On November 28, 2018, in Sharp v. Miller, 2018-Ohio-4740, the Seventh District Court of Appeals (which covers Belmont, Carroll, Columbiana, Harrison, Jefferson, Mahoning, Monroe and Noble Counties), held the Jefferson County trial court correctly determined that the appellants’ (mineral heirs) interests were abandoned pursuant to the 2006 DMA.
This oil and gas case involved the ownership of mineral interests that lie beneath approximately 153 acres of land located in Springfield Township, Jefferson County. The minerals were reserved by I.W. Poole and R.S. Smith in 1944. On July 9, 2014, the Millers (the surface owners) filed a notice of intent to declare the mineral interests abandoned. They could not locate the names or addresses of any Poole/Smith heirs and filed the notice by publication. On November 12, 2014, Jeffrey and Bradley Sharp (heirs) filed a claim of preservation.
Appellants argued that the Millers failed to comply with the notice requirements of R.C. 5301.56(E). Appellants argue that the Millers did not use reasonable diligence when researching potential heirs, making service by publication improper. Pursuant to R.C. 5301.56(E)(1), a surface owner attempting to reunite the surface with the mineral interests must:
Serve notice by certified mail, return receipt requested, to each holder or each holder's successors or assignees, at the last known address of each, of the owner's intent to declare the mineral interest abandoned. If service of notice cannot be completed to any holder, the owner shall publish notice of the owner's intent to declare the mineral interest abandoned at least once in a newspaper of general circulation in each county in which the land that is subject to the interest is located. The notice shall contain all of the information specified in division (F) of this section.
R.C. 5301.56(E)(1) allows notice by publication when notice cannot be completed through certified mail. Relying on a prior Seventh District Court of Appeals case, the Court stated an attempt to provide notice by certified mail is unnecessary where a reasonable search fails to reveal the names or addresses of potential heirs who must be served. Shilts v. Beardmore, 7th Dist. No. 16 MO 0003, 2018-Ohio-863, ¶ 15, appeal not allowed by Shilts v. Beardmore, 153 Ohio St.3d 1433, 2018-Ohio-2639, 101 N.E.3d 464. The issue in this case was what types of efforts are required to satisfy reasonable due diligence in locating heirs before service by publication can be employed.
In Shilts, the Court reviewed whether the following search efforts satisfied the “reasonable due diligence” standard: probate records, public records, Ohio Department of Natural Resources (“ODNR”) records, and an internet search. Id. at ¶ 14. The Court found that, based on the facts of that case, these efforts satisfied the due diligence requirement. Id. at ¶ 15. In Sharp, the Appellants asked the Court to require these exact efforts in every case. Contrary to Appellants’ arguments, the Sharp Court clarified they did not establish in Shilts a bright-line rule or definition of “reasonable due diligence.” Because the standard relies on the reasonableness of any party’s actions, whether that party’s efforts constitute “due diligence” will depend on the facts and circumstances of each individual case. In other words, reasonable actions in one case may not be reasonable in another case.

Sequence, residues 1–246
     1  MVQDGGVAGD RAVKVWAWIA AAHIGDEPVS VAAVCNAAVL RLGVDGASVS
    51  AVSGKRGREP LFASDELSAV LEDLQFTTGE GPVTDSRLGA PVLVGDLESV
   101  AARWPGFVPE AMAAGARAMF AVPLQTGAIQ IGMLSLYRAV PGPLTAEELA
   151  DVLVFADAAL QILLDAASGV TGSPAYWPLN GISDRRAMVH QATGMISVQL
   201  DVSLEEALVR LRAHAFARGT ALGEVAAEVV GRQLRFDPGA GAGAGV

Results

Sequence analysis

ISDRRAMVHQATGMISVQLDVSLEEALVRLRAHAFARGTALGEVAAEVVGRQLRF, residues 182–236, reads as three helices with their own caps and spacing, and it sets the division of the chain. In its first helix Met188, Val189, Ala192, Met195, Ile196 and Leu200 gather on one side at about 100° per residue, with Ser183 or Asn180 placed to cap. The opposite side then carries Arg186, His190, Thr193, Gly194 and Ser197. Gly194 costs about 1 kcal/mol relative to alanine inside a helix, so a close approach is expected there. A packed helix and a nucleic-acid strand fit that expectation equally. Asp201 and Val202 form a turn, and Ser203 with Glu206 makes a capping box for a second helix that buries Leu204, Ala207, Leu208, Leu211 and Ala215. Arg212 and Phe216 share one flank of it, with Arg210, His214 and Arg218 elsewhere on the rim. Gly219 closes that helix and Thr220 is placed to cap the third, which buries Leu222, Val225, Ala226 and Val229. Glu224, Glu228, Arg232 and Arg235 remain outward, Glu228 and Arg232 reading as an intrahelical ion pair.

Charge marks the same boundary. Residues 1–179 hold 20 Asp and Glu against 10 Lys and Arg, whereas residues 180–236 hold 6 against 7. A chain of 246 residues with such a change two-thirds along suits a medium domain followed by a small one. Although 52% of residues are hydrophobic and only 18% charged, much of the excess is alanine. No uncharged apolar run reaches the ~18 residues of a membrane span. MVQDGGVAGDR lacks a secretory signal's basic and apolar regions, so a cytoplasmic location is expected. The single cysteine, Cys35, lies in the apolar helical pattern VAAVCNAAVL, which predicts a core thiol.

The evidence in the case showed that Appellees had searched public records, specifically probate and deed records, and were unable to locate any heirs prior to publishing the notice of abandonment. The sole address obtained in the search was a post office box that formally belonged to I.W. and Ruth Poole. The surface owners’ search also revealed I.W. Poole’s release of estate from administration, which did not refer to the mineral interests, and a title report also failed to reveal any potential heirs.
Subsequent to the publication, in trial preparation, another search to locate heirs was conducted via online searches using paid subscription services such as ancestry.com, world vital records, and MyHeritage Company. That exhaustive search, which consisted of more than 80 hours of searching, did not locate all heirs, and the searcher could not confirm the information obtained was correct. Regardless, the Seventh District Court of Appeals held the search that occurred prior to the filing of the notice was at issue here, not any later-conducted search.
The Sharp Court noted the only difference between the Millers’ search and the Shilts search was the internet component. However, the Court held an internet search would not likely have been helpful in this case, because the only names available to Appellees were Smith and Poole. The Court found there was no evidence that a simple internet search would have revealed the actual Smith/Poole heirs. Based on the facts and circumstance of this case, the Court held Appellees’ public record search constituted reasonable due diligence.
Additionally, the Court held that an oil and gas lease entered into by the surface owner, to which the mineral heirs were never a party, cannot in any way be construed as a savings event under the 2006 DMA. As the mineral interests at issue were not properly conveyed or retained, they cannot validly be the “subject of” a title transaction. Further, the Court reiterated that the 2006 DMA replaced any theory of common law abandonment.